Many artists have tried to start live gig streaming from their homes, with the very first Instagram TV gig from Swae Lee and a real Tiny Desk “Home” concert from Lianne La Havas. Despite this, the experience falls flat compared to the real thing. The content is washed with a macabre sense of faux reality – partially due to the environment and partially due to the loss of intimate connection from human physicality. We’re losing the very essence of music, feeling the sonic waves reverberating through our cells. Live music in this format is lacking: it is no substitute for the energy and life of live music. Even so, it is currently the closest thing we’ve got.

In 2018 MelodyVR took this a step further and for fans that had missed tickets to their favourite artists’ shows, they streamed the concerts to their VR headsets. It’s a new initiative that has worked with over 850 popular musicians such as Lewis Capaldi, Wiz Khalifa and even the London Symphony Orchestra. Whilst this is perhaps a fleeting glimpse of the future, it still loses the essence of live music being played and amplified in front of you, now transmitted through headphones. It’s possible, that combined with other new software such as Strap by Woozer that this could break the new frontier. This Strap transmits musical vibrations through the body, sensationalising the experience much closer to live music. Despite this, it’s perhaps a luxury that only the most popular artists can afford with many independents, and less popular genres without any airtime. That’s without even mentioning the cost of a VR headset and their lack of dissemination through the wider population.

Online music reflects a wider issue that we began seeing at the turn of the decade, with many artists cancelling tours, aware of the environmental footprint that they left behind. I am completely behind this decision as it represents a conscious recognition of the impact of their music. However, if the future turns to paying to hear a stadium rock band through a live stream on your laptop speakers, it does beg the question: what’s the point in paying for anything different from Spotify? If you lose the raw excitement, emotion and experience of a live venue, then what are you paying for? And if you’re not paying, then how does the artist sustain themselves?

This meets another issue: bars and restaurants are shut across the globe in tandem with music venues. The very same financial issues are facing these enterprises, aside from the fact that music venues aren’t in a position to offer takeaway food. A very real and sobering reaction to isolation is that many music venues will have to close from a lack of exposure to a working economy and musical landscape. It’s not just music venues whom face this, but all independent stores, and artists. Musicians and music suppliers have both been hard hit with the entire traffic of society held at red lights.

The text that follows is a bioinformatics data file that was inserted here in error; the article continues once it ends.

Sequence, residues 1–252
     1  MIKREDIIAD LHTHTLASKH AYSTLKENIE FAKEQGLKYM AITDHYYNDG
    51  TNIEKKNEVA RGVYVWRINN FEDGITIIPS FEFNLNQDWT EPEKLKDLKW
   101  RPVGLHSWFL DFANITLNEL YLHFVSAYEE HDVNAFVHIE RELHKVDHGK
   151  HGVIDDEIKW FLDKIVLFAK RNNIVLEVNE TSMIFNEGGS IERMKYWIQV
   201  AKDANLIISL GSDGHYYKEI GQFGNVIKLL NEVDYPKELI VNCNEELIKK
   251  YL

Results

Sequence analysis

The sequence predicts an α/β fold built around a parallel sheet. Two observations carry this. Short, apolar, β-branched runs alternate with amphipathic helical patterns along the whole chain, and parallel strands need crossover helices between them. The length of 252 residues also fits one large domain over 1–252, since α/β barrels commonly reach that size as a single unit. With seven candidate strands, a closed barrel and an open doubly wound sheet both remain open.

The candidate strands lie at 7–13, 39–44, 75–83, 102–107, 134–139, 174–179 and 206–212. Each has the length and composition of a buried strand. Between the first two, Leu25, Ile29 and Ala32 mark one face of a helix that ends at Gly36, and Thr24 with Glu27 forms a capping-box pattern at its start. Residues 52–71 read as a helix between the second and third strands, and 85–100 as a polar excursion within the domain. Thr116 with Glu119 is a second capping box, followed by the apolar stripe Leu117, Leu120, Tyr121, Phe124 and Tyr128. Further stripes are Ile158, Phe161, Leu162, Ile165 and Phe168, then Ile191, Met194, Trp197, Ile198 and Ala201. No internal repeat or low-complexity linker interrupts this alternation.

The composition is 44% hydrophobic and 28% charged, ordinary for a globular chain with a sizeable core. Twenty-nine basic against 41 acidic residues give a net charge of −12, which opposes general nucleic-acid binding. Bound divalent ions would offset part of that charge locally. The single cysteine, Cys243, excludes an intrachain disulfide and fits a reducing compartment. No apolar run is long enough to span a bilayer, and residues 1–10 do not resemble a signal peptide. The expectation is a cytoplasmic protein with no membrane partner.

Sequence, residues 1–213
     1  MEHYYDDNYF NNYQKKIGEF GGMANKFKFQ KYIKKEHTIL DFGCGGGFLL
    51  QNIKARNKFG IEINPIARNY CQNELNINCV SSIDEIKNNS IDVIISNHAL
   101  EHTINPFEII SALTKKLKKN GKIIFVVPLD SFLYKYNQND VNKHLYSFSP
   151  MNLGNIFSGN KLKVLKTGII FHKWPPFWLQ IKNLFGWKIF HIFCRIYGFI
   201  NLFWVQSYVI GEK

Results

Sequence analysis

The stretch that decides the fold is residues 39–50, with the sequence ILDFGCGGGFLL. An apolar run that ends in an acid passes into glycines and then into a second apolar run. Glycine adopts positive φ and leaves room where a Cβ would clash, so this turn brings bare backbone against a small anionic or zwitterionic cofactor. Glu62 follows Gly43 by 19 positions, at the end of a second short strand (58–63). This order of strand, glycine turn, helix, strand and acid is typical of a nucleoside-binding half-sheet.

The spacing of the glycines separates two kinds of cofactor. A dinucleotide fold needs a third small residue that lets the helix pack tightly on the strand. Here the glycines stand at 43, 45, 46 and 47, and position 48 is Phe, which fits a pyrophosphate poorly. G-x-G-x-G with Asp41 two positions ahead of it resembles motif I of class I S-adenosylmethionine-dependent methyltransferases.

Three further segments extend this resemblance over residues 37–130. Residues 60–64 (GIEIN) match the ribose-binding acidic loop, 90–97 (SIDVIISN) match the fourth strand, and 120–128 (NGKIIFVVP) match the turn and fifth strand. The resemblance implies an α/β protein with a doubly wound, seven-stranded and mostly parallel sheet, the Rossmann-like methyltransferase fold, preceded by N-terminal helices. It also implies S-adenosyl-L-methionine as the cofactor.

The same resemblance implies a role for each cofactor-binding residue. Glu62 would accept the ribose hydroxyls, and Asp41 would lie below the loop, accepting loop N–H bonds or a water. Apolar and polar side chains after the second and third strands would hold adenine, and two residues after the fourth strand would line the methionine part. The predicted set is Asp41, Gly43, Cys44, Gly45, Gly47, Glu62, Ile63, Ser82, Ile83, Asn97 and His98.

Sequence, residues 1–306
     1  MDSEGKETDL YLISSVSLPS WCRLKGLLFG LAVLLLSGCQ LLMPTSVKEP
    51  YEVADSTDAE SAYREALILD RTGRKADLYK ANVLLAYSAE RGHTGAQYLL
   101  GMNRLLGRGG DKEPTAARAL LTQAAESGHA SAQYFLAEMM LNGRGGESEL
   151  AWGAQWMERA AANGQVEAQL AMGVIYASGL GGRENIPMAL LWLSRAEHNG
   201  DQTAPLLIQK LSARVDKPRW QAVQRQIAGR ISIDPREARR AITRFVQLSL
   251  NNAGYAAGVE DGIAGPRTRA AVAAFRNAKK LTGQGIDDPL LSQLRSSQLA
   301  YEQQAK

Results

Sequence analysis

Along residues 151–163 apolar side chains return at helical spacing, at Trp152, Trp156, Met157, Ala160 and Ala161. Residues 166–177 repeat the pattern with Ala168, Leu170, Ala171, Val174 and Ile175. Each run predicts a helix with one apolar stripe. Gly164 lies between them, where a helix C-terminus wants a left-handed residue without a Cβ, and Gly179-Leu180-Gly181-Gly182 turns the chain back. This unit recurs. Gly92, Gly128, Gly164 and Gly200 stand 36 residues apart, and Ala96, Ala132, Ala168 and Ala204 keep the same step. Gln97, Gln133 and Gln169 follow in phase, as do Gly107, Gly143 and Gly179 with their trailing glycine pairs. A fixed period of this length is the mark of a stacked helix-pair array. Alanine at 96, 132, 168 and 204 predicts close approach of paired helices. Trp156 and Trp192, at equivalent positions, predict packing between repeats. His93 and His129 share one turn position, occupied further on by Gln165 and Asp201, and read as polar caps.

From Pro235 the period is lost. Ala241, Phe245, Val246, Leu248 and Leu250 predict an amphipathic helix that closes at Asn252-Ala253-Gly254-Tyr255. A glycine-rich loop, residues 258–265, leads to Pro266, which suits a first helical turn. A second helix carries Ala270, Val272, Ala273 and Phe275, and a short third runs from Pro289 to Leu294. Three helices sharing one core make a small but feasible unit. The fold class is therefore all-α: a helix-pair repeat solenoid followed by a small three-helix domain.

This wasn’t just a new story as coronavirus hit. For many, the virus has been a nail in a steadily burrowing coffin from lack of support from the government. According to the Association of Licensed Multiple Retailers, close to 50% of clubs open in 2005 have gone out of business in the last decade. It’s hard to specify one sole cause, but in many towns and cities there is a recognised lack of support for smaller and independent venues. For example, in Manchester it’s widely recognised that the council is reducing licences for venues out of the city centre to try and centralise gigs and music, causing a stream of popular venues to lose patronage. There needs to be a joint recognition from governmental forces – local and national – to protect the individualised communities and music scenes that represent the UK today. Austerity might be “over” but we’re likely about to face another recession, and they need to work twice as hard in tandem with individuals to build pillars of support for the industry.

Will we have a music scene to return to? Venues and artists are vocal, but individuals and consumers need to support them in any way possible: buy the albums and vinyls that you’ve been putting off, support online fundraisers and keep the word strong, online and in person, to keep access to music ongoing and thriving.

To read up on many more causes, follow this thread on Resident Advisor to see the range and breadth of communities supporting the music scene